It’s an unfortunate fact, especially in recent days, that one of the most rightfully-maligned members of congress, Todd Akin, lives little more than a half hour drivefrom downtown St. Louis City. We are a metropolis with problems, of course, but one who can be more often be criticized for failing to craft a workable solution to economic disparity, crime, and equal rights — not ignoring these issues entirely, or arguing that we shouldn’t coddle hungry schoolchildren.
Akin doesn’t just represent the outer-outer belt either: his soon-to-be former 2nd District edges eastward to Kirkwood and Ladue — perhaps not the most City-friendly municipalities, but not too far removed. In 2010, he swept to victory with 68% of the vote; hardly a slim success. And even though, for years, his “at the heart of liberalism really is a hatred for God” sentiments have garnered him a fair amount of national pushback, his recent, abhorrent “legitimate rape” comments haven’t sunk his lead on his U.S. Senate competition, incumbent Claire McCaskill.
I’m not here to argue, however, that for the sake of the St. Louis region’s soul, we need to defeat this man with a thunderous “nay” vote — though he certainly won’t have mine. The fact of the matter is that whether or not Akin secures a Senate spot, plenty of our neighbors share his views — or side with him more often than the centrist Democrat McCaskill. Even if the standard-bearer Akin drops out, or loses, those 68% of St. Louis County voters are still here.
And that’s okay.
By every account, America is becoming more divided. Not just between the loudly obvious, Tea Party vs. Occupy, (D) vs. (R) political sparring — but between a college educated and struggling workforce and between economic class. This division exhibits itself in more and more destructive ways — a recent NPR piece highlighted how charitable giving patterns are also fragmented across class lines, and that “rich people are more generous when they live among those who aren't so rich.” Political segregation has become increasingly documented in the last decade, leading to a world where “Republican places become more Republican and Democratic places become more Democratic.” Take this with recent tension and violence in places like Anaheim and Oakland, along with the economic crisis that sparked it all, and America’s divides threaten further, more corrosive discord in our immediate future.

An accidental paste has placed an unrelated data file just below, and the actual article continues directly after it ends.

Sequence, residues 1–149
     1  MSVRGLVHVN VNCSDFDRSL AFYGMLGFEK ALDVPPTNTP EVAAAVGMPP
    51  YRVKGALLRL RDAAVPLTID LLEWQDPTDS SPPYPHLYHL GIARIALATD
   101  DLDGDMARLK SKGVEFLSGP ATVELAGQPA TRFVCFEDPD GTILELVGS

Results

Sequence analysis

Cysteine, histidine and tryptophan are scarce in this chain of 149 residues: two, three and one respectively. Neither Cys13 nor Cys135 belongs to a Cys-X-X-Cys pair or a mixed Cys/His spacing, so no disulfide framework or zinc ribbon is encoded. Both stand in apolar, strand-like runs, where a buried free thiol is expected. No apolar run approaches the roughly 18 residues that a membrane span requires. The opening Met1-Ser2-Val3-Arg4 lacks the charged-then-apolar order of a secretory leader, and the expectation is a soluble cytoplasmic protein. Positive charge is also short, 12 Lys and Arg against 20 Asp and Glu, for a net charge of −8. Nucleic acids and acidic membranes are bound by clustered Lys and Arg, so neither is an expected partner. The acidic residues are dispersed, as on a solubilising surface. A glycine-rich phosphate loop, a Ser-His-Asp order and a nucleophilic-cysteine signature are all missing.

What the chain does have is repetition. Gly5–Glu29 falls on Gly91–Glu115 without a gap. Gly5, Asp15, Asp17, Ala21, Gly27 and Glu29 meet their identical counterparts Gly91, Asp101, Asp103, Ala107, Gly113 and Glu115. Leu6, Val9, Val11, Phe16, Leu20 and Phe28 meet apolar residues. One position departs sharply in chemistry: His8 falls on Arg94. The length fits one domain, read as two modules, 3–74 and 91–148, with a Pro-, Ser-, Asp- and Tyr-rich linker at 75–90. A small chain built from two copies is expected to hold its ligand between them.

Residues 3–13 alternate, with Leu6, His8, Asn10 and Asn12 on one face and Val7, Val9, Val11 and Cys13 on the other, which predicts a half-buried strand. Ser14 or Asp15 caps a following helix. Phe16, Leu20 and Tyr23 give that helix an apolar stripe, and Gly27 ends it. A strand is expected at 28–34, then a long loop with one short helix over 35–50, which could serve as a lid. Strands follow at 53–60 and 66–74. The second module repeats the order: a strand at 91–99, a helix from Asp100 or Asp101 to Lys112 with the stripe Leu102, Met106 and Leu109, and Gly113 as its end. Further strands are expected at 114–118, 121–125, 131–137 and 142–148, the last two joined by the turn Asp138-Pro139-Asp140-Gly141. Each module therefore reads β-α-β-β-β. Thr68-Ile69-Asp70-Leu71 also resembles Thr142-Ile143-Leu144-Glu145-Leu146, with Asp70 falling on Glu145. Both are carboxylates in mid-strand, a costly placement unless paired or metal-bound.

We hear about a “divided Washington” on a daily basis, but D.C. — an industry town stuffed with recent collegegraduates — is a false distillation of where we stand. So, too, are the frequent New York (blue) and Texas (red) comparisons: these states may represent a different pole of political praxis, but they’re too far apart for real exchange and the debates ignore too much of each state’s grey matter.
Places like St. Louis — divided but contained, with substantial gains to be made through collaboration — are increasingly important, if not the central distillation of where we go as nation. Our challenge isn’t how to turn the County into a Democratic voting block, or how to erase City taxes and regulations to push toward a business development open range. The challenge of St. Louis is transforming bitter divisions and political stalemates into workable solutions for moving us forward. If we don’t, the consequences are obvious — and dire.
Such outcomes — like the recent failure of the no-brainer “China Hub” — have been well-documented elsewhere (see Tim Logan’s “The Cost of Fragmentation”). And while these consequences are more serious than ever, St. Louis has a historical precedent of division, from Civil War-era North/South/West conflicts to the establishment of an incredibly fragmented government. Resolving these collisions, even if a compromise resembles more of a ceasefire than a celebration, is critical for St. Louis’ economic, cultural, and civic growth.
Akin vs. McCaskill, like City vs. County and Missouri vs. Illinois, can yield no ultimate victors. While the national news cycle depends on fueling such divides, ours doesn’t have to. It may seem impossible to hold a dialogue with Akin acolytes, but these people aren’t some distant demagogues — they’re our neighbors. We have a common interest in supporting Forest Park, creating equal educational opportunities, and easing the economic disparities that foster crime — even if we agree on nothing else.
“As goes Missouri, so goes the nation, ”the saying once went, though the state as a whole may have inched into permanent red. St. Louis, I would argue, is a fitting replacement — one whose economic challenge is severe, whose political and social divide is widening, and whose future depends on uniting disparate interests toward collective progress.
As goes St. Louis, so goes the nation. It’s time we rose to the challenge.
Paul Sorenson works in St. Louis community development and is a recent graduate of Washington University's Brown School of Social Work. Contact the author at firstname.lastname@example.org
The 2012 realignment exchanged large portions of Lincoln County for more of south St. Louis County. The 2010 Missouri 2nd Congressional District boundaries: